The biggest impediment to transition is the shortage of suitable adult services due to a lack of expertise in childhood-onset health conditions among adult service providers. This has become less of an impediment in many countries as numbers of young people growing up with conditions such as congenital heart disease and cystic fibrosis have grown. How well prepared is an adult endocrinologist or physician in South Africa to deal with the young person who has had type 1 diabetes mellitus for years? South Africa faces a particular challenge with regard to its expanding and ageing paediatric HIV-infected population. The issues have been well described in a technical brief by USAID and PEPFAR in 2012.[6]

Importantly, age-based criteria for the transfer to the adult service are to be avoided. Given the wide range of levels of maturity and readiness that are likely to be found among young people, such rigid criteria are unlikely to promote successful transition. In a study of patient and parent attitudes towards transition before and after the process in the cystic fibrosis population, age-related criteria were not supported.[7] They also do not make sense developmentally. This approach has been strongly supported by the Society for Adolescent Medicine[3] and the American Academy of Pediatrics.[8]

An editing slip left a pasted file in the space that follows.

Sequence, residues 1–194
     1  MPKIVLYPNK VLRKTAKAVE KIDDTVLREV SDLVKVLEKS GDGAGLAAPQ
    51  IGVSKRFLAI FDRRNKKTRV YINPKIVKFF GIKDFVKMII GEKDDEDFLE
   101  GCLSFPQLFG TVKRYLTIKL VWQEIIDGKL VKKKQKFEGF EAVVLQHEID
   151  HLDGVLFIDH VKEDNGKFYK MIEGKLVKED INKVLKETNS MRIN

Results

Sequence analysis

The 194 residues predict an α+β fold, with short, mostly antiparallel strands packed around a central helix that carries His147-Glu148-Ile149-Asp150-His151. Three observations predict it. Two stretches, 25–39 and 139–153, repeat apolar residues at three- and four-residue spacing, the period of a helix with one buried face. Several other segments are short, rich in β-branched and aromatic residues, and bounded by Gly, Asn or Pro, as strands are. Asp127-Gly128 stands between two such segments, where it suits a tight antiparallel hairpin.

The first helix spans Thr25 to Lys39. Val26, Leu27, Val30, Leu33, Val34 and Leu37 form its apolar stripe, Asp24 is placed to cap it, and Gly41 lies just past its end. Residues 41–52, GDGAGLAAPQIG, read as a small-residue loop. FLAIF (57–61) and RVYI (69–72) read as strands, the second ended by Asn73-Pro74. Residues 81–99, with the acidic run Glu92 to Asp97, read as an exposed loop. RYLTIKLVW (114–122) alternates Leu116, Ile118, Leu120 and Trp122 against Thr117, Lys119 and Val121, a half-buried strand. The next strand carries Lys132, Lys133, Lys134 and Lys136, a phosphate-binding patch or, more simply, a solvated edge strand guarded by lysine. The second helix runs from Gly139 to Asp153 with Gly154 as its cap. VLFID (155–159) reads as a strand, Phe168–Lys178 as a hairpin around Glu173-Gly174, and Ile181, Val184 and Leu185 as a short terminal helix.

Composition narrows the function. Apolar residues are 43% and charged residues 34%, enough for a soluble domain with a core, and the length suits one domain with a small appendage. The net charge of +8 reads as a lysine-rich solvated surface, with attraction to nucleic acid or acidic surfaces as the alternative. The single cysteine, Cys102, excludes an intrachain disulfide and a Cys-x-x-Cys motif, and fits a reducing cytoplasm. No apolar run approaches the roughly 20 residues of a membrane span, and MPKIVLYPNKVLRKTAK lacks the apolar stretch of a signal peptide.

What transition models exist and which are likely to work?

Given the complexity of transition and the lack of a large research base, there are many potentially valid models of transition. An important theme would seem to be exposure of the young person and family to the adult care providers. This can be achieved through visits to the paediatric and adult services in the years before formal transfer. Where patient numbers are adequate, adolescent transition clinics (shared by the paediatric and adult teams) have been successful. Among other advantages, these clinics provide peer support that facilitates safe passage to the adult service.

The recent literature has explored the concept of a transition co-ordinator, first proposed in the position paper from the Society for Adolescent Medicine.'21 This health team member is envisaged as spearheading preparations for patients and families, while also serving as a conduit between old and new team members. This co-ordinator will usually be a nurse, but could be a primary care practitioner.